Scope of environmental planning

Table 1 Potential environmental watering actions and objectives for the Campaspe River

Potential environmental watering

Environmental objectives

Summer/autumn low flows (10–50 ML/day in December–May)

  • Maintain aquatic vegetation
  • Maintain fish habitat and reinstate slack waters (areas with minimal water movement)
  • Limit the effect of cold water pollution from Lake Eppalock on fish
  • Maintain access to riffle habitat and water quality for waterbugs
  • Maintain permanent connectivity for water quality
  • Maintain permanent connectivity for platypus movement

Winter/spring freshes (up to 2 events at 1,000–1,800 ML/day for up to 7 days each in June– November)

  • Reduce encroachment by exotic and terrestrial vegetation
  • Enhance river red gum recruitment
  • Stimulate fish movement, allow movement to downstream reaches and provide spawning triggers
  • Flush and mix river pools for water quality
  • Flush organics from the bank and benches to reduce the risk of blackwater events in summer
  • Mix and flush river pools for waterbugs
  • Inundate additional snags and flush sediment off biofilms (groups of microorganisms) for waterbugs
  • Support platypus habitat and breeding including triggers for burrow selection

Winter/spring low flows (50–200 ML/day [or natural1], in June–November)

  • Provide longitudinal connectivity for fish
  • Maintain access to riffle habitat and water quality for waterbugs
  • Maintain permanent longitudinal connectivity of river for improved water quality
  • Facilitate platypus habitat and breeding opportunities

Summer/autumn freshes (up to 3 freshes of 50–200 ML/day for up to 3 days each in December–May)

  • Maintain riparian and in-channel recruitment vegetation
  • Increase extent of / maintain in-stream aquatic vegetation
  • Provide longitudinal connectivity for fish in periods of low flows
  • Maintain waterbug habitat and wash organic matter into the river to drive aquatic food webs
  • Respond to blackwater events as required

1 'Or natural' means that flow rates may be above or below the specified target rates depending on inflows and climatic conditions.

Risk management

In preparing its seasonal watering proposal, North Central CMA considered and assessed the risks of environmental watering and identified mitigation strategies. Program partners continually reassess risks and mitigation actions throughout the water year


Waterway managers meet communities on environmental watering regionally, although other program partners also play a role.

In each region of Victoria, community engagement on environmental watering happens when environmental watering objectives and priorities are scoped (long term and annually), when delivering environmental water, and when reporting on environmental watering results.

In the North Central region communities are involved in decisions about the Loddon and Campaspe river systems, Murray river system including Gunbower Forest and some of the wetlands connected by the Wimmera-Mallee pipeline. This happens through formal advisory groups: Environmental Water Advisory Groups including river and wetland focused groups and the Gunbower Island Community Reference Group.

Who is engaged and how

Recreational users

Through formal advisory groups, recreational users provide local advice and raise opportunities for potential 'shared benefits' from environmental watering. Through Environmental Water Advisory Groups, recreational users are informed of environmental water deliveries and provide data that assists with reporting on the outcomes of environmental watering.

Goulburn-Murray Water engages with recreational user groups (such as Save Lake Eppalock and Lake Meran Users Group) that use water storages for recreation through planned consultations and meetings to discuss storage levels and potential impacts of environmental water releases from storages.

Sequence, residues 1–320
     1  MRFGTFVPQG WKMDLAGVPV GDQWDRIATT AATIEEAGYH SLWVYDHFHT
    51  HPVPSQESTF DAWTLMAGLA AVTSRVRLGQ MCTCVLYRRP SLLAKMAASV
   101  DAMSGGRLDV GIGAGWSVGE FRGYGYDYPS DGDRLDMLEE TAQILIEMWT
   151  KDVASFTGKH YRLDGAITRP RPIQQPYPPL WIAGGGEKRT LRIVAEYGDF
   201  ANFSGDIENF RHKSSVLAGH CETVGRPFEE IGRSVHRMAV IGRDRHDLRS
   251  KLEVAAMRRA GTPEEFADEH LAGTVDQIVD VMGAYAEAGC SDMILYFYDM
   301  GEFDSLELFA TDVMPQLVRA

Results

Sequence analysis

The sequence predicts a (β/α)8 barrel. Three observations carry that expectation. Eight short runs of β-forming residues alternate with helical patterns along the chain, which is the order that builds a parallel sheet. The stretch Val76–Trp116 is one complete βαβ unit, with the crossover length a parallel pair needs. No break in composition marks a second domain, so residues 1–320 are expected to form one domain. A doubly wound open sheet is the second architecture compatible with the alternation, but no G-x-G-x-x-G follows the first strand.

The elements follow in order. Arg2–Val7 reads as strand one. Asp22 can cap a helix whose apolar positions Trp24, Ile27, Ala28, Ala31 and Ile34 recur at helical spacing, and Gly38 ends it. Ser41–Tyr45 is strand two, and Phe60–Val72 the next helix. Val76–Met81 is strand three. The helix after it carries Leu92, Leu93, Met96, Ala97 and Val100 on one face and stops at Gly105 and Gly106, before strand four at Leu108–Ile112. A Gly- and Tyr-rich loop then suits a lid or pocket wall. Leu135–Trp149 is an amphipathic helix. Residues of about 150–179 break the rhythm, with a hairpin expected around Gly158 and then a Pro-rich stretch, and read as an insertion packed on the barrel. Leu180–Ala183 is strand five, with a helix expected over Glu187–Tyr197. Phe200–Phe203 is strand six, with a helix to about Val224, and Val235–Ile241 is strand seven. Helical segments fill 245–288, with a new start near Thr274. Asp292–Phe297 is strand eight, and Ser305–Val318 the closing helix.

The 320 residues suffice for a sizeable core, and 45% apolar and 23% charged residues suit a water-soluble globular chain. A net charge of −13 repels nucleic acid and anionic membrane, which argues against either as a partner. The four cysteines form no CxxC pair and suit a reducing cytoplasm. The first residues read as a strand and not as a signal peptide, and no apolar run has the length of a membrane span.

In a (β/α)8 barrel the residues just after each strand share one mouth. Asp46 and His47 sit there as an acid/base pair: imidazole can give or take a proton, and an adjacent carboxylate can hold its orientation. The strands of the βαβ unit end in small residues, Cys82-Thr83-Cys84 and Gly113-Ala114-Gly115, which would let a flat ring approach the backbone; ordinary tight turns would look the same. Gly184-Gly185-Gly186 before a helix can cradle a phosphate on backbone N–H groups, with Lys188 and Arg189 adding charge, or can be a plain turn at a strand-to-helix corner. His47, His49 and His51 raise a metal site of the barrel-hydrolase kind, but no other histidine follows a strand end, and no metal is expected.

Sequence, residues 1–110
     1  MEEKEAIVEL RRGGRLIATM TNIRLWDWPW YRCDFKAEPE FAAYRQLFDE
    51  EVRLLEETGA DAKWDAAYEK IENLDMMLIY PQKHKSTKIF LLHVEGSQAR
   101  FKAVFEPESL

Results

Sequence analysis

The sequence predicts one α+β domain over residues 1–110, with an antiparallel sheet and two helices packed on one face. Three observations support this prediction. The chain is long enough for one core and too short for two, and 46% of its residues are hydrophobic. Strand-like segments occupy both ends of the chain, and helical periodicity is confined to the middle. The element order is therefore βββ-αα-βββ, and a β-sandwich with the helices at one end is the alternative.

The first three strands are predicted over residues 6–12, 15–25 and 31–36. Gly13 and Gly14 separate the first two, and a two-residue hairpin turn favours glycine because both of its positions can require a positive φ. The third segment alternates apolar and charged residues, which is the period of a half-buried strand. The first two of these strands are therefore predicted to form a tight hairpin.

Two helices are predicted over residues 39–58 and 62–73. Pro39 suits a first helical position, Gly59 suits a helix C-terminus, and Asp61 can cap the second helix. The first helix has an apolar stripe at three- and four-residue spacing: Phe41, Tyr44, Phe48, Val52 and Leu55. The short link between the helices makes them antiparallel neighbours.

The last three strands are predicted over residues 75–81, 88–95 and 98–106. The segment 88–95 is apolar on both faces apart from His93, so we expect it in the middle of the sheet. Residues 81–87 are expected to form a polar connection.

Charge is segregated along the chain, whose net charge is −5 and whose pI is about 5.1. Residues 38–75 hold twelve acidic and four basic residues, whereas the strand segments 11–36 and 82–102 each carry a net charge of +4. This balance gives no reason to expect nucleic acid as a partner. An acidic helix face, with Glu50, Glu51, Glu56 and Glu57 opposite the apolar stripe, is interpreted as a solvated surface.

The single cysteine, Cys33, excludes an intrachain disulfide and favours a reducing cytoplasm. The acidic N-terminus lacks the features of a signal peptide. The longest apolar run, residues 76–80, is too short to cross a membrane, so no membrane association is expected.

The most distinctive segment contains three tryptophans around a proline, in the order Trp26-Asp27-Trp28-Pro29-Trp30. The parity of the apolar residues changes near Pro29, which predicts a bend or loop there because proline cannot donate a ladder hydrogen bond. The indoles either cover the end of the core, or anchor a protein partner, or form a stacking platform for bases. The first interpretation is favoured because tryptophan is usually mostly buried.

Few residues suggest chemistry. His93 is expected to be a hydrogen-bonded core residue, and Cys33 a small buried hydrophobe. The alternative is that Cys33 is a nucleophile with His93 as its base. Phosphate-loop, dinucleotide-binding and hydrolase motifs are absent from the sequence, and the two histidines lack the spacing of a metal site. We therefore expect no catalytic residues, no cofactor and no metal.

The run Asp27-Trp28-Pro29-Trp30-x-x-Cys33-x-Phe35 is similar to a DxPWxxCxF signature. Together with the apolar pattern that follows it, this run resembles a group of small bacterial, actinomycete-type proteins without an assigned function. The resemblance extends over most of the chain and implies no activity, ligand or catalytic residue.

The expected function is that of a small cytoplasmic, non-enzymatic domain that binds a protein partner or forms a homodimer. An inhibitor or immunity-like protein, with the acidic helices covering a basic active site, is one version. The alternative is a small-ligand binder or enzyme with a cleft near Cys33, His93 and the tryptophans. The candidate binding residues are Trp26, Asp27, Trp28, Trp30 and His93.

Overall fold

Environment groups

Through formal advisory groups, environment groups provide local knowledge, land management advice and advocate for the environment. They are also informed of environmental water deliveries and provide data that assists with reporting on the outcomes of environmental watering (including citizen science monitoring data such as providing bird counts).


Through formal advisory groups, farmers and landholders (including those who own private wetlands that receive environmental water) provide local knowledge and land management advice regarding environmental watering.

They are also informed of environmental water deliveries and provide data that assists with reporting on the outcomes of environmental watering. Goulburn-Murray Water engages (and often) with consumptive entitlement holders (often irrigators) and landholders (often with river frontages).

Traditional Owners

Through the North Central Catchment Management Authority Indigenous Facilitator, Traditional Owners from the Barapa Barapa, Dja Dja Wurrung and Yorta Yorta Nations are given the opportunity to provide input to seasonal watering proposals. The Catchment Management Authority and the Barapa Barapa Nation have conducted a cultural values mapping project in Gunbower Forest which will eventually enable cultural values to be incorporated in Gunbower environmental water planning. The Barapa Barapa and Yorta Yorta Nations undertake monitoring of cultural values in Gunbower Forest.

There are Dja Dja Wurrung and Yorta Yorta representatives from the North Central region who are members of the Murray Lower Darling Rivers Indigenous Nations. The Victorian Environmental Water Holder, the Commonwealth Environmental Water Holder and the Murray Darling Basin Authority engage the Murray Lower Darling Rivers Indigenous Nations on strategic (often longer term) issues related to environmental watering.


Councils are invited to participate in formal advisory groups meetings. Goulburn-Murray Water  consults with the City of Greater Bendigo, Gannawarra Shire and Swan Hill Rural City Council regularly on water management, including on environmental water management.

General public

The North Central Catchment Management Authority communicates and engages with the general public through their website, media releases, newsletters, public notices, community forums, community events (such as tours of Gunbower Forest during environmental watering), social media and direct contact to interested parties by email distribution list.